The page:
Flooding, blizzards, wildfires, high winds, COVID, chemical spills, winter storms, tropical storms, MVAs, and fires… sounds like we’re discussing the ultimate disaster movie. All the above, and more, has occurred in the Empire State over the last few years.
New York State is no different than any other place, in a disaster scenario, people need help; sometimes our local emergency services are overwhelmed, and they need help, too. Multiple casualties, multiple locations, and multiple systems are coming together to assist the sick and injured, help shore up buildings, rescue those who are trapped, and help while folks rebuild their community.
Governor Hochul recently authorized a Statewide EMS Task Force for large-scale incidents to supplement local area resources when needed. This includes manpower, ambulances, fire resources, and other specialized equipment. Commissioners from more than 2-dozen statewide agencies have been brought together to form a Disaster Preparedness Commission to develop a comprehensive emergency management plan.
Preplanning needs to start before the actual disaster. Communities need to remain aware of the growing incidence of local climate change, threat assessments, and other possible incidents. The Commission must provide for periodic briefings, drills, exercises and more to assure that all state personnel with direct responsibilities in the event of a disaster are fully familiar with response and recovery plans, and coordinate with federal, local, and other state personnel.
Emergency response to a disaster (EMS, Fire, etc.) requires immediate coordination, communication, and sufficient manpower. The EMS Task Force will have contracts in place to have readiness and pay for the readiness; mobilization of outside resources would not be in place of local response but would augment their efforts. Since resources will most often be pulled from neighboring jurisdictions, each one may use their personalized communication system and different chains of command; in some cases, assistance may arrive from out-of-state with completely different protocols.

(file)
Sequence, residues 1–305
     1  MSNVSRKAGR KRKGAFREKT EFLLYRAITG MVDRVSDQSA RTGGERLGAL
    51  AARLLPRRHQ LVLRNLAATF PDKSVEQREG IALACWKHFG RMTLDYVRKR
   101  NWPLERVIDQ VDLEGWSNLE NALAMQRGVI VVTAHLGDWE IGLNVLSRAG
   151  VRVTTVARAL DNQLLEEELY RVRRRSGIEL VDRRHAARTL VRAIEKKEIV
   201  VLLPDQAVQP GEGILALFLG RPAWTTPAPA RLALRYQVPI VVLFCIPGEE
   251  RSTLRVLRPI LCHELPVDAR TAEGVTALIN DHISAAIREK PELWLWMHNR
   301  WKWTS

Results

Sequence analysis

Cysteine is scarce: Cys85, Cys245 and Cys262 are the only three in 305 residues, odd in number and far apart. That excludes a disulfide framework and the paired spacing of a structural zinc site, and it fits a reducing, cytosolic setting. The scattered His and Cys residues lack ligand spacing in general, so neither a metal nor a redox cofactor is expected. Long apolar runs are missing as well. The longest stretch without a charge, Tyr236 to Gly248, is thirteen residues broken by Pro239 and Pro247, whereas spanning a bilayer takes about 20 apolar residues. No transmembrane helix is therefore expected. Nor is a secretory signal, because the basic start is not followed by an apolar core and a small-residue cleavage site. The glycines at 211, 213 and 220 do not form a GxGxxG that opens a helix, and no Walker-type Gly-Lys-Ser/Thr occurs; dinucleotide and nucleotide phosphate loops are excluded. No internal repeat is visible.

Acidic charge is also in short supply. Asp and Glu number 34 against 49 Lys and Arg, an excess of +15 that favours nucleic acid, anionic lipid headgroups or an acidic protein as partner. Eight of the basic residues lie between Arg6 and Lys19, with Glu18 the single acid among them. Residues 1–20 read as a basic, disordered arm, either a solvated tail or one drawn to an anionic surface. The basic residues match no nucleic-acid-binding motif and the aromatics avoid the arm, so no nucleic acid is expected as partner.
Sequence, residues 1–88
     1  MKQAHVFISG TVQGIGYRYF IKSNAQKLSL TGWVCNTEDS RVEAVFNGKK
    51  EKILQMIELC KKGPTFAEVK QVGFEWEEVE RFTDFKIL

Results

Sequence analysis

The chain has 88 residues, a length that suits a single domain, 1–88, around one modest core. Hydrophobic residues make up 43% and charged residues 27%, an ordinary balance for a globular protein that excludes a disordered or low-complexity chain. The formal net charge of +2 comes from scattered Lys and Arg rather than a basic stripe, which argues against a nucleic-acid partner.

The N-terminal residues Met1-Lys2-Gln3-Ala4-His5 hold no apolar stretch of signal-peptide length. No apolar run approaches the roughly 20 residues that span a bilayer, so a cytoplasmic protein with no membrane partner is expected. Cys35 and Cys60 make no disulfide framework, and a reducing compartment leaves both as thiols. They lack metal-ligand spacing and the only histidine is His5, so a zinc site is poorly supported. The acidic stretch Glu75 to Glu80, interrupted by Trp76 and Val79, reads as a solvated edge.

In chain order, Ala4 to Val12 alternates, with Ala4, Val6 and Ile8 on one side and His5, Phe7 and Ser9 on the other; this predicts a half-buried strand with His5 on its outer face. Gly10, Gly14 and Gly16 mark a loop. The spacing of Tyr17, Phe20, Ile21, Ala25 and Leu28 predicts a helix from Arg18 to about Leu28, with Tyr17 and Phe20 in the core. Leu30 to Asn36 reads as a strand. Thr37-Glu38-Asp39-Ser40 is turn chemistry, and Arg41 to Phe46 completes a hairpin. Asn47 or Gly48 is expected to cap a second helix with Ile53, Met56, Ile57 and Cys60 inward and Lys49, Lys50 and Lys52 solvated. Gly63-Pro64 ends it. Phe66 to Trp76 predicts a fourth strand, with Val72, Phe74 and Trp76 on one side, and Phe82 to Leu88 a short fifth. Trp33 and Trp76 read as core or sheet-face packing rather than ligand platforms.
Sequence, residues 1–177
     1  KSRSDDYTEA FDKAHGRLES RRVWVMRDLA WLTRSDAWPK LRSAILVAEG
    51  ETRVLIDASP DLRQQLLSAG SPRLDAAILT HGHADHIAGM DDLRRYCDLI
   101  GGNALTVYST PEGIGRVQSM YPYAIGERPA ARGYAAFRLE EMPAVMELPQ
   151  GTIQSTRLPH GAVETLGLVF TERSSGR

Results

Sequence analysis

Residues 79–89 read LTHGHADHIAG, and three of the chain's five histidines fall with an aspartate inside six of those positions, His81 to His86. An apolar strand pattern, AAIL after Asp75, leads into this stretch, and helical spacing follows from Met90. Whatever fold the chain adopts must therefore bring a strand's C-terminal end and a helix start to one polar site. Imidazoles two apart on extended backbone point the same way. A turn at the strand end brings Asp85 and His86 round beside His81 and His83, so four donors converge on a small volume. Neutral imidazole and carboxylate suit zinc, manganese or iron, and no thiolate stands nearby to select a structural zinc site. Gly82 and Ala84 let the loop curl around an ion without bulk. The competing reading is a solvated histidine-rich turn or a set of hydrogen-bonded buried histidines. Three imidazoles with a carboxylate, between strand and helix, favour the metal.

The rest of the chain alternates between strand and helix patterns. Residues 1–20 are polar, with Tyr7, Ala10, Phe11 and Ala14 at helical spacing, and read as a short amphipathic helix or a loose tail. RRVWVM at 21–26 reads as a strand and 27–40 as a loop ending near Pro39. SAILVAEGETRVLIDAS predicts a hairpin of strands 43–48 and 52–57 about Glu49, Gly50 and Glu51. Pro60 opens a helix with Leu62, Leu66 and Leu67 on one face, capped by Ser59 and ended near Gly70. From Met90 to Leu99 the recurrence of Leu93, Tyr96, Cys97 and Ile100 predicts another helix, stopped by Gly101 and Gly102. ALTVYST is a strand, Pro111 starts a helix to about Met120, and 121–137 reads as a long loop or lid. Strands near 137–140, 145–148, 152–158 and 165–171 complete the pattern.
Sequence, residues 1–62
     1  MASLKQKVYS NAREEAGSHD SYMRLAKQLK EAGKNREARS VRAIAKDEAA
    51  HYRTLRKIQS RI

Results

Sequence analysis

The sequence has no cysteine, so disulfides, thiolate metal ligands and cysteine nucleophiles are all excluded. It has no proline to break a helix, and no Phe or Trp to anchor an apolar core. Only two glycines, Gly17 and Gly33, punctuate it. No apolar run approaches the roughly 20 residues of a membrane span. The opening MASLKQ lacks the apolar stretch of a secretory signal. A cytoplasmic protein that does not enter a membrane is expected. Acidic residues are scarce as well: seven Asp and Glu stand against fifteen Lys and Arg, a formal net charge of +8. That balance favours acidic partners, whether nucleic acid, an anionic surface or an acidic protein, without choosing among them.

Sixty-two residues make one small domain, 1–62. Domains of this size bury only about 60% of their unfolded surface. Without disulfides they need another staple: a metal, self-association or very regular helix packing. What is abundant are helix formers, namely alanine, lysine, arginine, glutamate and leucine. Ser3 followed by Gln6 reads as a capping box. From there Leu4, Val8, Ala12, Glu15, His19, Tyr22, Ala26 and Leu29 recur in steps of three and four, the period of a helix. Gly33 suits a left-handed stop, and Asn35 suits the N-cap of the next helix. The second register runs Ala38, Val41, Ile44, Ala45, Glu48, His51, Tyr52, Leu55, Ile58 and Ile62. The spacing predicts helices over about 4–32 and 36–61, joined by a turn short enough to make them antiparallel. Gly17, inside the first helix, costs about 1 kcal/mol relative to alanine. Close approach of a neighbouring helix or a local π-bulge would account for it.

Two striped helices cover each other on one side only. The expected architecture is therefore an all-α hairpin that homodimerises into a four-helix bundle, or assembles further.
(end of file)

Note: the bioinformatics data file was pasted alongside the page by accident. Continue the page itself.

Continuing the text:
Hopefully each emergency unit has benefitted from NIMS and FEMA courses as well as practice drills and will be able to successfully communicate during the response, rescues, and recovery. (NIMS) provides a common, nationwide approach to enable the whole community to work together to manage all threats and hazards. NIMS applies to all incidents, regardless of cause, size, location, or complexity.
A "Regional medical advisory committee" needs to be available to inform responders and help them with hospitals, basic life support, advanced life support, and emergency medical protocols of the geographical area of the emergency incident.
Communication and situational awareness are important aspects of coordination in an emergency. Many response agencies may rely on 2-way radio or cell phones, but what happens WHEN a cell tower goes down, or the dispatch center is affected by the emergency? Back-up systems are vital. Everything from standard WIRED phone lines, 2-way walkie-talkies, CB, or HAM radio, may need to be utilized as backup. The adage “The left hand doesn't know what the right hand is doing” can prove detrimental during an emergency and put both the victims and responders at greater risk.